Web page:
Like my favorite musicians, my heroes are an eclectic bunch. When trying to name them, Welles Crowther, Abraham Lincoln, and my grandfather come to mind. Despite the stark differences in their circumstances and social positions, these individuals are linked by a single commonality- they served a purpose greater than their selfish desires. But in a […]
On college campuses across the country, Halloween has become a month-long celebration of politically correct culture. Our campus is no exception.
A few weeks ago, I found myself in the process of getting my nails done when a fellow patron of the salon noticed my Michigan apparel, leaned towards me conspiratorially and asked, “Do you know the students who destroyed that ski resort?” Ah ski trip. That certainly was not the first time I’ve been asked […]
With its focal point being material progress, liberal modernity fixates so much on efficient means that we forget the basic ends of economic development and democratization: the human being.
My friends know me to be an outspoken super-fan of the Bachelor franchise. I’ve been told that it’s worth watching the weekly episodes just to understand my Twitter diatribes, and upon my return to campus last week my roommate asked me how Bachelor in Paradise was developing this season “because I know that’s a really […]
The protagonist of Ayn Rand’s The Fountainhead is Howard Roark, a young, principled architect who is pitted against manipulative forces that fear his individualism and seek to destroy him. The first such instance takes place in the beginning, when Roark is expelled from the prestigious Stanton Institute of Technology. The Dean dismisses Roark’s work because […]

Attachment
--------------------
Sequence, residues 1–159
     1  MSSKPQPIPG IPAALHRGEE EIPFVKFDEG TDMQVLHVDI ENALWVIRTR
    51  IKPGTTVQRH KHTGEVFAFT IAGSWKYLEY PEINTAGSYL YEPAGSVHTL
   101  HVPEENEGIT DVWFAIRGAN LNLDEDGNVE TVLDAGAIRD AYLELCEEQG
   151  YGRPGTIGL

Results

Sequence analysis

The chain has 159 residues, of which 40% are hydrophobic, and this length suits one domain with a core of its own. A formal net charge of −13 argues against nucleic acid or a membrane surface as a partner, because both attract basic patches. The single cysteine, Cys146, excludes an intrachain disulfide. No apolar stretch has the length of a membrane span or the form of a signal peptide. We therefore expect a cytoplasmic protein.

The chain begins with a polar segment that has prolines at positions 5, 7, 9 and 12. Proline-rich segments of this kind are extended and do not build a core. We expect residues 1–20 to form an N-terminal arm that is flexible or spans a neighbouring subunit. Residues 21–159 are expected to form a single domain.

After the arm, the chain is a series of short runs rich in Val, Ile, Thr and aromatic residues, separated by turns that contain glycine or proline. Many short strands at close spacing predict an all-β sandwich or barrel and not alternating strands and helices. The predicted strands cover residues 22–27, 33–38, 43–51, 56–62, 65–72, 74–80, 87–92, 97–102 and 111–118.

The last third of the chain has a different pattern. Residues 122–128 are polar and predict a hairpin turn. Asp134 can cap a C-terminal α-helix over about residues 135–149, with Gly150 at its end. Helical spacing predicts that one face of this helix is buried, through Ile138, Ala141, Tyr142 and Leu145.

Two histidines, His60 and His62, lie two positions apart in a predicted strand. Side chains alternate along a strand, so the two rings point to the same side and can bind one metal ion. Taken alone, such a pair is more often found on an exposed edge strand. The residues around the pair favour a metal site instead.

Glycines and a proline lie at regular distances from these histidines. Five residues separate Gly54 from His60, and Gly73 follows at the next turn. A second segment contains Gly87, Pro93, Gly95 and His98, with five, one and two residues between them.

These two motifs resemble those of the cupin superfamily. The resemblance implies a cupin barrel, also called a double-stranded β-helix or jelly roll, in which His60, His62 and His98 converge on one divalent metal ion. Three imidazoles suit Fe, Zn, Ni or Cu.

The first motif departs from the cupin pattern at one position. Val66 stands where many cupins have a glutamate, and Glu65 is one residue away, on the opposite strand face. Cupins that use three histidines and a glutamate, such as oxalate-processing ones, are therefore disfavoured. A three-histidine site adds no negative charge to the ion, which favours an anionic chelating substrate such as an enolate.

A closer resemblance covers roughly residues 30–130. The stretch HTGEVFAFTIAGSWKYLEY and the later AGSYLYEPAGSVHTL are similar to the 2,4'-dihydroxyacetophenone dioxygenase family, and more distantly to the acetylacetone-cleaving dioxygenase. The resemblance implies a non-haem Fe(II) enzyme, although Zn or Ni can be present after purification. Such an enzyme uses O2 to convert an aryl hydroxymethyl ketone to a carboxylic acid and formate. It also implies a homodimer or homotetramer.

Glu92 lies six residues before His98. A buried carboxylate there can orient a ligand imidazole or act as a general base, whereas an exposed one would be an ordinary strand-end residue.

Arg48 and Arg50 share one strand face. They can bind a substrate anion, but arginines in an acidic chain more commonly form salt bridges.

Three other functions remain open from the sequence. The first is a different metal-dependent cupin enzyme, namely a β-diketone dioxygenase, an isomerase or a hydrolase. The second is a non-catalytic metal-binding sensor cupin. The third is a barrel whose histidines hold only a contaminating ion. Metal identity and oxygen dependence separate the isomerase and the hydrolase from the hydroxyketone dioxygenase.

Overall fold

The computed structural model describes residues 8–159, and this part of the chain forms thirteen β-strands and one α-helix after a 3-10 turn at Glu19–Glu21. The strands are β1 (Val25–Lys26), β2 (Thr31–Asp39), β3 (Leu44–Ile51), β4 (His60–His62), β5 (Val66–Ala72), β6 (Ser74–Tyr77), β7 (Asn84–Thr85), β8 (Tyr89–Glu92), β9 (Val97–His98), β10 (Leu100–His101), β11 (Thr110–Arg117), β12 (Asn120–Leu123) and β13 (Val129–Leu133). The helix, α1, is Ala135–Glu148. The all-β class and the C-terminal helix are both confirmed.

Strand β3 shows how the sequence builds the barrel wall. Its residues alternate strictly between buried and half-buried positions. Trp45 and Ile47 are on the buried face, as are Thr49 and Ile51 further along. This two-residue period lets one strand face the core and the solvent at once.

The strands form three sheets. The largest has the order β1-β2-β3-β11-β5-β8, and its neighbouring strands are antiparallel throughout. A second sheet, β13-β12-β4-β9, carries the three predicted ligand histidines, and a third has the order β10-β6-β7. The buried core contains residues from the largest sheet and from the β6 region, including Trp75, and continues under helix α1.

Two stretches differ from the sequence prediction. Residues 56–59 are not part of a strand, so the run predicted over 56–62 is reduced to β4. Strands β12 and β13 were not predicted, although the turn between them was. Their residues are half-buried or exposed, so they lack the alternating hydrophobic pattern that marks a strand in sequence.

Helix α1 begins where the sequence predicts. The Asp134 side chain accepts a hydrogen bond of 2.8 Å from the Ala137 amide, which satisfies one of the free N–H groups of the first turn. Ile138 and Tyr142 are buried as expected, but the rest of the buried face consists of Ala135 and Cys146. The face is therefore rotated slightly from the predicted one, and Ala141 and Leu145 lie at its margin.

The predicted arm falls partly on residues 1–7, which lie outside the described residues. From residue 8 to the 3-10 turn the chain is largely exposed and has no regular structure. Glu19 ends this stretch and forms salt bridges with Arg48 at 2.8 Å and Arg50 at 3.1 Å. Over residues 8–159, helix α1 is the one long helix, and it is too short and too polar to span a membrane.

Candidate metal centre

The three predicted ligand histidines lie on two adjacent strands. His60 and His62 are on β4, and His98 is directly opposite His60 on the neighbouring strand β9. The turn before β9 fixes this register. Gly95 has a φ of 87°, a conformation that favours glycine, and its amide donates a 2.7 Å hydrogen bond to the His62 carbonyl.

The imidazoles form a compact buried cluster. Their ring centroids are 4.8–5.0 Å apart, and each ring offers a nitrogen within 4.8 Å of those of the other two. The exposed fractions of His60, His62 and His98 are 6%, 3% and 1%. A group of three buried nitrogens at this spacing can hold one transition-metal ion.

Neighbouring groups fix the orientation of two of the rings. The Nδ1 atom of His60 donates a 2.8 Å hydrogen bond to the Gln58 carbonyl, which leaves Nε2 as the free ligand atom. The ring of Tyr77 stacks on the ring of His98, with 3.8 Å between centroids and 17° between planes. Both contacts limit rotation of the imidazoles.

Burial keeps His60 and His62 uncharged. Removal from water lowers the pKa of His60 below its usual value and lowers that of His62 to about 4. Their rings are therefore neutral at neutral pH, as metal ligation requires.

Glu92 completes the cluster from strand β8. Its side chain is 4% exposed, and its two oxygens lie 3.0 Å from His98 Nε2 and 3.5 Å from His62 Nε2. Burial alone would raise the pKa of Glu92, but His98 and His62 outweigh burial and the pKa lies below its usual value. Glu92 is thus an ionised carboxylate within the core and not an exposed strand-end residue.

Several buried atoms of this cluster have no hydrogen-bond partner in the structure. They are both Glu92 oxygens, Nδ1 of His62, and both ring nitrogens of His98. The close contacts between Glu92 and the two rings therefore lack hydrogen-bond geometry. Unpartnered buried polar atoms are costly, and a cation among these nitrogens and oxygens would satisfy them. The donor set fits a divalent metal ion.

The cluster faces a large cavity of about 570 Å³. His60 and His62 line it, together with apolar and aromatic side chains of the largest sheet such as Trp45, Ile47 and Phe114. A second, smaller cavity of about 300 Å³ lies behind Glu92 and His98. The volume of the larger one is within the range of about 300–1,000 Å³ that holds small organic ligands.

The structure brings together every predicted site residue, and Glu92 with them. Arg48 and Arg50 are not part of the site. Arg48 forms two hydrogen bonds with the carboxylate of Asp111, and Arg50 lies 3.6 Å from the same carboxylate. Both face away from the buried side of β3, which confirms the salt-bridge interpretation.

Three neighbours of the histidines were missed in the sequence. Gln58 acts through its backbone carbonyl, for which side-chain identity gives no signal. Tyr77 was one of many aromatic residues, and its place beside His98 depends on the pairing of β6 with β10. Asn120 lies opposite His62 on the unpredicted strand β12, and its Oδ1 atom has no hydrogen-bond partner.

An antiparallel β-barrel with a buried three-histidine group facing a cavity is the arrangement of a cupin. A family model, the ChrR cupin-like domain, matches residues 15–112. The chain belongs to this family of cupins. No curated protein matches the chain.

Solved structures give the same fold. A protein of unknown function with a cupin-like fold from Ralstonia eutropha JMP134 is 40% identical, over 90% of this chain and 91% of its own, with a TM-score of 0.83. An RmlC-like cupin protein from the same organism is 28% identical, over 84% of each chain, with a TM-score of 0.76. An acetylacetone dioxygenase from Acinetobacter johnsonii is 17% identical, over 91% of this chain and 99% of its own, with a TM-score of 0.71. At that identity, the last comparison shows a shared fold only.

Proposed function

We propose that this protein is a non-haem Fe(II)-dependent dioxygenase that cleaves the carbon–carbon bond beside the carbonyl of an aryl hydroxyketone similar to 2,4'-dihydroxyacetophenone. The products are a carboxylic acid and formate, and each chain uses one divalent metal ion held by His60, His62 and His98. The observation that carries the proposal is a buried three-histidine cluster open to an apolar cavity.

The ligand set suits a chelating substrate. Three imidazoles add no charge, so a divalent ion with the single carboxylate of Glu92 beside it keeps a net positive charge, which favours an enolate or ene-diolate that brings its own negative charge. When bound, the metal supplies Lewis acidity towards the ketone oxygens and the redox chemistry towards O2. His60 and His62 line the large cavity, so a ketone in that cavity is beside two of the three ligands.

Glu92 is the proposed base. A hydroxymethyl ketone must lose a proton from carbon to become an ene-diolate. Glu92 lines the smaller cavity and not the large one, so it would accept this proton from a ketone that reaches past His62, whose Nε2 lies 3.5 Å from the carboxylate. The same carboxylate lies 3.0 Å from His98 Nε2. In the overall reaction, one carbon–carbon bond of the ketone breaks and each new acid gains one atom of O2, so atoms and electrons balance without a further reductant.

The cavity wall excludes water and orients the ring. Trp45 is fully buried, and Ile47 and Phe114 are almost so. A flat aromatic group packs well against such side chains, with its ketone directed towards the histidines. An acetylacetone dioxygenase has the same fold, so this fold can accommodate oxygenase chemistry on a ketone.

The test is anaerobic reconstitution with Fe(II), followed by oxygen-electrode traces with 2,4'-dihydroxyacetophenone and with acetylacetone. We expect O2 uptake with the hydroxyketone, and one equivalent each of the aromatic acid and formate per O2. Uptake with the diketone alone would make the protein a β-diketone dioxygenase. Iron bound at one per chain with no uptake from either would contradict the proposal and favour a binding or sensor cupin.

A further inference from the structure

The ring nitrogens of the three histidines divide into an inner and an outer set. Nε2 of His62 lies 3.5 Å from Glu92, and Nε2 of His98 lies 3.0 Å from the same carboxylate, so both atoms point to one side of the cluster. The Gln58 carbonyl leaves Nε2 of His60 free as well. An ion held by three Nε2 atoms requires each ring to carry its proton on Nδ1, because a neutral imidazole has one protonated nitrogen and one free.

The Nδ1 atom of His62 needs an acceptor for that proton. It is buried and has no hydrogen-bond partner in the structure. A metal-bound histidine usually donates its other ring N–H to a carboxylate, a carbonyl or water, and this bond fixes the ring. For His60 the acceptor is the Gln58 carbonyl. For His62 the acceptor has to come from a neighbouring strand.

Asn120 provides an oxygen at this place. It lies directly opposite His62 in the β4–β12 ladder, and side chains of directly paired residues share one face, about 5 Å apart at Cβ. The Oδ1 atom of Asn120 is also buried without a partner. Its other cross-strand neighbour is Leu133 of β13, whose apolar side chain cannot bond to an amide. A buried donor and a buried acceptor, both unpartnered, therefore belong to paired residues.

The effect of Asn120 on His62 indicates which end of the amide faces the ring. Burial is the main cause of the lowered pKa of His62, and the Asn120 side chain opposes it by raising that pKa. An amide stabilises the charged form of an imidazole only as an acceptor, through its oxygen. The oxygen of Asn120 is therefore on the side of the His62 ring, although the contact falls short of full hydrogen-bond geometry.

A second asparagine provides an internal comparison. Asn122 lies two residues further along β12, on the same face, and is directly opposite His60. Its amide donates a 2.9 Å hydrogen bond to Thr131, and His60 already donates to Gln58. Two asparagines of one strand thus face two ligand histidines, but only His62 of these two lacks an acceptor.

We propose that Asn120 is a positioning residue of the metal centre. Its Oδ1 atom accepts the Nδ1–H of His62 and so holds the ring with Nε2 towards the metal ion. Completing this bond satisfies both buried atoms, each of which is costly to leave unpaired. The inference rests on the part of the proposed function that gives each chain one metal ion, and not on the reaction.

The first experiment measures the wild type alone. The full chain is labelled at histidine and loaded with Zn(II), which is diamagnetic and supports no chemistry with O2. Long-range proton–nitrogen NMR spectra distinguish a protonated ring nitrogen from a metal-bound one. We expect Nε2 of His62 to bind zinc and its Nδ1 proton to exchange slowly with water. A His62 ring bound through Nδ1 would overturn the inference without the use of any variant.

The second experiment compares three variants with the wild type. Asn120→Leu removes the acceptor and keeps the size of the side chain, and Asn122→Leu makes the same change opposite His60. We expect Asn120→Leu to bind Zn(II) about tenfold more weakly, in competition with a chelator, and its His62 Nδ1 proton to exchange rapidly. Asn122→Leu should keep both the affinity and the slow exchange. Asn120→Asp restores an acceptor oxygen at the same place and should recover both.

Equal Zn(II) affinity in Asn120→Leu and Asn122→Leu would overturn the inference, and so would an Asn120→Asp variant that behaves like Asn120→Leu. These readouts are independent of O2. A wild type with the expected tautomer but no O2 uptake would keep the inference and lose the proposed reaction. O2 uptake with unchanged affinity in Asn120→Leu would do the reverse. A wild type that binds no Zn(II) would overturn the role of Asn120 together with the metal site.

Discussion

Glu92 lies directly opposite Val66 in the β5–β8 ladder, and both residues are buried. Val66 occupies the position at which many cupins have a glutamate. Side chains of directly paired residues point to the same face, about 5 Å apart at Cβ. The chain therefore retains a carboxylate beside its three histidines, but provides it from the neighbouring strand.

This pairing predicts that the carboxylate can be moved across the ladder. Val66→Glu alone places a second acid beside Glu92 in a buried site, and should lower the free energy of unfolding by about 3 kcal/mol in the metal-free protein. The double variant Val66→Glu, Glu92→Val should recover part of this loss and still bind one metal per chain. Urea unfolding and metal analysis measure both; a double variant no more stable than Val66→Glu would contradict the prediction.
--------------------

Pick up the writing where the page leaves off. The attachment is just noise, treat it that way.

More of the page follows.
The NRA, in defending citizens’ right to “keep and bear Arms”—a right clearly enumerated in the Second Amendment—is imposing its values on everyone else. But when social conservatives make the case that gay activists and left-wing academics in Obergefell have forced their own moral views upon the rest of the nation by redefining marriage to make into a genderless institution more focused on the romantic desires of adults at the expense of the needs and rights of children, we are laughed out of the room.
To the gentle man, who waved his hand at me from the other side of the street in the autumn of 2004, I hope you read this and remember the Muslim woman with a beautiful headscarf. This letter is to tell you that your courtesy has not been forgotten. On that autumn afternoon, you touched a wounded heart that had been bleeding for twenty-four years. Whoever you are, wherever you are, may God touch your heart too.
Over the years, I noticed that the political right had been deserted by Muslims and thus had to resort to its own, often times – but not always – misinformed, voices about who Muslims and Islam are. More importantly, I noticed an incursion upon the principles and values of the Muslim community in America.
No, banning the flag solves nothing. It only serves to lull us into believing that we have “Done something important.” Banning the flag reifies the legitimacy of its symbolic power. The flag does have power, but only if we allow it to have such sway. A clear and unabashed analysis of the flag is the only way in which we can hope to nullify its power. We expunge it at our own risk. Much like martyrs inspire more powerfully their causes than they ever could while alive, so too will the Confederate flag if it is removed from the public square. We will have merely facilitated the nightmarish transformation of the flag: from visible abomination to invisible abomination.”